After this, they united the worship of God with that of idols. (2 Kings 17) In this state did the Samaritans live under the kings of Assyria, having little or no intercourse with the Jews. When the Jews were permitted to rebuild the city and temple of Jerusalem, the Samaritans offered to assist them in their undertaking (Ezra 4:2). The rejection of this offer by the Jews, sowed the seeds of the undying hostility which ever after existed between both peoples. The breach was rendered irreparable, when, after the return of the Jews from captivity, and the rebuilding of the temple, the Samaritans had a rival temple built on Mount Garazim (Gerizim), near Samaria, where victims were offered up, as at Jerusalem, and served as a place also of resort for some malcontent Jews. From this period, the Samaritans, forgetful of their Pagan origin, wished to be considered as true Israelites, who preserved in all its purity the observance of the law, with an unbroken succession of high priests, who now ministered on Mount Garazim, the seat of their religion. For a long period, before the time of our Redeemer, they gave up the worship of idols; otherwise, they could have no pretensions to be considered true Israelites, rivals of the Jews, in regard to the observance of the law, and the purity of Divine worship.

The temple of Garazim and city of Samaria were demolished by John Hyrcanus, 120 years before the time of our Redeemer. Lest the Apostles might suppose that the Samaritans, who held a sort of intermediate place between the Jews and Gentiles, were to be confounded with the Jews, our Lord specially mentions them in connection with the Gentiles. His object in prohibiting the Apostles from preaching to the Gentiles on this first mission was, to take away all excuse from the Jews, who might justify their incredulity and resistance on the ground, that, according to the ordination of God, and His promises through the predictions of the Prophets, the message of salvation was first promised to the Jews, “the children of the kingdom,” “the sons of Abraham, Isaac and Jacob,” to whom these promises were specially made (Acts 13:46). To the Jews the Gospel was given, according to promise and mercy; to the Gentiles, out of pure mercy, without a promise. (Rom. 15)

Luk 17:17  And Jesus answering, said: Were not ten made clean? And where are the nine?
Luk 17:18  There is no one found to return and give glory to God, but this stranger.

This interrogatory form is a more forcible way of enunciating the fact of their cure.
Our Lord would seem to reproach the nine others for their want of gratitude in not imitating the example of the Samaritan, who returned and gave thanks to his benefactor. “To give glory to God,” by openly proclaiming the exercise of His power and goodness in their cure through Christ. He does not say, “give glory to Me,” to convey, that the glory of every thing should be given to God alone, and that He sought His Father’s glory in all He did.

“But this stranger,” alien in religion and extraction. The circumstance of this man being a stranger to the Jewish religion, a member of a false and schismatical Church, between which and the Synagogue there was no communication, not even civil intercourse, only set forth, in a clearer light, the ingratitude of the Jews, God’s chosen people, on whom He bestowed so many and such signal favours; to whom the Son of God was sent to preach first, and by them ungratefully rejected.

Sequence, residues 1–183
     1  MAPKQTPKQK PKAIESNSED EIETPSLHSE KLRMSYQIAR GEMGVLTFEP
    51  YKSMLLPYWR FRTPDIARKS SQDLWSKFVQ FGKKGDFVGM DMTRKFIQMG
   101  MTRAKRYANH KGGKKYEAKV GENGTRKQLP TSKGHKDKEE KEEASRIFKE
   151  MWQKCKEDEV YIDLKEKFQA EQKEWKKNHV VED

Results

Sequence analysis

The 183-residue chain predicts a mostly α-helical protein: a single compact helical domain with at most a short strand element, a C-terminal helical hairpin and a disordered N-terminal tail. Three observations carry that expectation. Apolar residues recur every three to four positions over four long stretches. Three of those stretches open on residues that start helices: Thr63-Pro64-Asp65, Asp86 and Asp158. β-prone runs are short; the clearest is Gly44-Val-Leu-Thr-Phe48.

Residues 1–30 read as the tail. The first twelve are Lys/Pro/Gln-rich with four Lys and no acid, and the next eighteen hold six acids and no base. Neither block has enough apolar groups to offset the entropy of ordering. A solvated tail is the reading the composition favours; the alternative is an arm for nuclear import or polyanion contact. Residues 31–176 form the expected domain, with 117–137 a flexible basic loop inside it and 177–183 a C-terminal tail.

“Where are the nine?” How applicable is not this question, in many instances, to Christians, who, after receiving wonderful cures of their bodily ailments and spiritual distempers from God, ungratefully forget all, and insult and outrage afresh the best of benefactors, relapsing into sin, like the swine wallowing in the mire, or the dog returning to his vomit; thus, crucifying again the Son of God, and making a mockery of Him.

Luk 17:19  And he said to him: Arise, go thy way; for thy faith hath made thee whole.

“Arise,” from the posture in which he lay prostrate at His feet. “Go thy way?” Thou hast shown thy gratitude, in which the nine others were signally wanting.

“Thy faith,” whereby thou didst unhesitatingly believe in My power; and, confiding in My implied assurance of curing thee, on thy way to the priest, didst obey My mandate. “Hath made thee whole,” restored his bodily health, and most likely, cured him of the spiritual leprosy of sin, signified by the corporal leprosy from which he suffered. Our Lord, by ascribing the cure to faith, which concurred as a necessary disposition for effecting it, showed His great modesty, in not ascribing it to Himself, who accomplished it.

He, as usual, commends the great virtue of faith, as it was the foundation of the whole system of spiritual life, and of the religion He was about to establish. It was the virtue most needed to bring man back to God. For, as man first departed from God by pride of intellect, the affectation of knowledge like unto that of God; so, his first step in his return to God must be, by humbling that proud intellect, and rendering it captive to faith in embracing, on the sole authority of God, truths which it could not understand, since faith is the “argumentum non apparentium” (Heb. 11:1). (See 2 Cor. 10:4, 5.)

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Father MacEvilly’s Commentary on Luke 12:49-53

Posted by Dim Bulb on August 14, 2013

Luk 12:49  I am come to cast fire on the earth. And what will I, but that it be kindled?

“I am come,” &c. These words may have been spoken by our Lord at a different time, from the foregoing; and we need not trouble ourselves, with tracing any consecutive connexion between them; as St. Luke is wont to string together several things spoken by our Lord on different occasions. Others (Jansen. Gandav.) trace a connexion in this way: our Lord had been, in the foregoing, encouraging the Apostles to the faithful performance of their duties, from the consideration that they were His stewards, the dispensers of His goods—an office entailing the heaviest responsibility. He now points out what He expects from them, and how they are to dispense His goods, viz., in propagating the Gospel; in suffering for it; thus, producing abundant fruit.